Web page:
Two UVA Community Members Among Those Defending Capitol Following Jan. 6 Riots

Two UVA Community Members Among Those Defending Capitol Following Jan. 6 Riots

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United States Army National Guard Spec. Ziniu Chen was concluding his monthly drill at Fort Pickett in Blackstone when he got the notification. Second Lt. Quinn Conrad had just finished dinner with her parents in Baltimore.

Following provocative remarks from then-President Donald Trump, a violent mob had descended upon the U.S. Capitol Jan. 6. The insurrectionists assaulted police officers and broke windows to gain entry to the building as members of Congress met to certify the election of Joseph Biden as the 46th president of the United States. Five people died as a result the riots, including one police officer and one insurrectionist who were killed and others who suffered medical emergencies. Two police officers later died by suicide.

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Chen, a production designer in the Office of University Communications, and Conrad, a third-year student in the School of Law, were summoned to Washington, D.C., in the following days, along with 25,000 other members of the National Guard to keep the peace.

Recently, they shared their stories with UVA Today.

National Guard Member Ziniu Chen

Chen and his unit arrived at Washington’s National Guard Joint Force Headquarters on Jan. 10 at 10 p.m., already tired from his weekend drills. His unit and thousands of other National Guard members were processed and given their assignments.

“The processing took a couple hours, because as you may have seen on the news, we all have to go through a background check to make sure everyone was U.S. citizens,” Chen said. “We also had to be sworn in as special police in support of the District of Columbia Metropolitan Police.”

Chen, a native of China, spends time on the lobby floor of the Library of Congress. He joined the U.S. Army in 2015 to serve in active duty, and joined the National Guard in 2019. (Photo by Ziniu Chen, University Communications)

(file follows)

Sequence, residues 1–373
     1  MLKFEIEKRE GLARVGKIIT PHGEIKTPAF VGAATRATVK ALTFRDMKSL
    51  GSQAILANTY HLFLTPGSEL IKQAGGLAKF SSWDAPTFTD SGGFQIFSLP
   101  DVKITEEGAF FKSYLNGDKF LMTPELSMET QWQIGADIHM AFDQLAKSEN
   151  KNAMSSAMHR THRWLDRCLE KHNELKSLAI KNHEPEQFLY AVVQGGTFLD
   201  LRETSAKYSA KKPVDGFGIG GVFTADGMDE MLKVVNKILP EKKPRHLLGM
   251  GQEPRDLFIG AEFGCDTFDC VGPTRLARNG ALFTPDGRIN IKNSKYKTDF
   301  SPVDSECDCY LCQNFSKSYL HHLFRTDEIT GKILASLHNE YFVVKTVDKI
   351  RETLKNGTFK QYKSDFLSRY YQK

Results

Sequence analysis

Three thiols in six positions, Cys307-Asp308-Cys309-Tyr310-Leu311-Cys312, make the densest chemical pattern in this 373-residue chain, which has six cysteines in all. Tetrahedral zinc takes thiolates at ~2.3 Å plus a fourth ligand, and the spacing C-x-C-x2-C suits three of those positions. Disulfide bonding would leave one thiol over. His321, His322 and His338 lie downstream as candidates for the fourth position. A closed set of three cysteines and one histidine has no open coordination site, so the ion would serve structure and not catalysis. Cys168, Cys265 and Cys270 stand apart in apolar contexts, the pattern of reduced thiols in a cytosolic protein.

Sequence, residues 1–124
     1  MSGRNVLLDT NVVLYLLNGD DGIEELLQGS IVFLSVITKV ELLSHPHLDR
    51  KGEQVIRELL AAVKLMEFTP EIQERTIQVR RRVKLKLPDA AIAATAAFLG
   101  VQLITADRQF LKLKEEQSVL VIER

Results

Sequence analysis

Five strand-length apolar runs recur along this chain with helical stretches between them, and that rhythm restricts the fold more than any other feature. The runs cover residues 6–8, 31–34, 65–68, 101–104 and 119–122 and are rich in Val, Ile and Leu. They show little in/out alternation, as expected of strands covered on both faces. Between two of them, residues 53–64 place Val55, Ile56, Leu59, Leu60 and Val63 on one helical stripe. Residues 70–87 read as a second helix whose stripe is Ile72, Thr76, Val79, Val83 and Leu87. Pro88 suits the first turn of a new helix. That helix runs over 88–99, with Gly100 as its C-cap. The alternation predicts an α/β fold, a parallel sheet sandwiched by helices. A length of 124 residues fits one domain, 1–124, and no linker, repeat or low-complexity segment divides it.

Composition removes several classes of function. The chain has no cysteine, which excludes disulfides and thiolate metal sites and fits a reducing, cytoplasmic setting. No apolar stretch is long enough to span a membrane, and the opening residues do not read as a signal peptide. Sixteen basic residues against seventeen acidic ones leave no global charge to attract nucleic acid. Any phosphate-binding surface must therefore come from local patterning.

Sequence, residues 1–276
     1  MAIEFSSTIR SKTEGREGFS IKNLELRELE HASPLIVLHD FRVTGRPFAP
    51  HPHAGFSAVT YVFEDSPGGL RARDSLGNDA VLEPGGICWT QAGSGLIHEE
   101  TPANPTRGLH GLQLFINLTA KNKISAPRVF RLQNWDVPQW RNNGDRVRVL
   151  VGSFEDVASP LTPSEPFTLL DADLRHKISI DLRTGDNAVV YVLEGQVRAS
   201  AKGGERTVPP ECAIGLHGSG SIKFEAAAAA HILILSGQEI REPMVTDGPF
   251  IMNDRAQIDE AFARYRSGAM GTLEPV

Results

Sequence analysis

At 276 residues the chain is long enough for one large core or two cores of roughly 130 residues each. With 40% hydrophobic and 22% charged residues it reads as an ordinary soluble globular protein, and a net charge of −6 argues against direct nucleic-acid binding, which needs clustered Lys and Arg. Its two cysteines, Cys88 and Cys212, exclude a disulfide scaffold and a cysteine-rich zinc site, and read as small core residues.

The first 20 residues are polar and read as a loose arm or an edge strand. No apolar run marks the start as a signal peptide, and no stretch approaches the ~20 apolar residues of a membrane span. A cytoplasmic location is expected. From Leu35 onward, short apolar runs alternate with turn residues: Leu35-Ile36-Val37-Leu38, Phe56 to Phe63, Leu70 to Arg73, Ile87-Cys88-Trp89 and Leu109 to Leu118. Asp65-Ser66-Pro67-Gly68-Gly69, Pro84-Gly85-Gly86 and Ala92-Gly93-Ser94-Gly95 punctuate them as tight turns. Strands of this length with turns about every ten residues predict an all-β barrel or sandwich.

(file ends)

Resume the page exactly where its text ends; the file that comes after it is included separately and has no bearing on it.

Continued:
In the early hours of Monday morning, a deep chill in the winter air, his unit was mobilized to the Library of Congress, which is just across 1st Street Southeast from the Capitol. Because many states were still in the process of sending guard units to Washington, Chen’s unit initially worked grueling shifts.

“The first couple of days at the Library of Congress, we were pulling 36-hour shifts,” he said. Members took catnaps when they could on the cold, marble floors of the lobby. “A couple of days before the inauguration, we were getting a regular rotation because there were more U.S. National Guard personnel on the ground and we had enough people to do the rotation.”

At first, Chen was fueled by adrenaline. “I was excited to be part of the mission. That was my first feeling,” he said. “Later on, especially after the 36-hour shifts, we got pretty worn out."

There were some tense moments. On Jan. 16, rumors of pending armed protests were spreading. Weapons were issued to Guard members and Chen was reassigned to guard the perimeter of the Capitol building.

“Some of us were even talking about the worst-case scenario, where we might have to take arms against our own citizens, so that was very intense. It would be quite sad if that really happened,” Chen said.

It did not happen. There were no armed protests. But late that night in the cold January air, before Washington had instituted massive road closures for Biden’s Jan. 20 inauguration, Chen said a large truckload of men ominously drove by while filming guard members with their phones. He said it was chilling.

The day of the inauguration proved uneventful for Chen. His unit was assigned to the Russell Senate Office Building as part of a quick-reaction force, or “QRF” for short. They were not needed.

National Guard Member Quinn Conrad

Conrad’s family has a long history of serving the country. “I’ve actually had a family member from every generation since the Revolutionary War serve in the military,” she said, “so we trace it back incredibly far. The most recent that I remember is my great-grandfather, who was in the Navy. My grandfathers were in the Army and the Marine Corps. My uncle was in the Army and Navy, and my dad was Army.”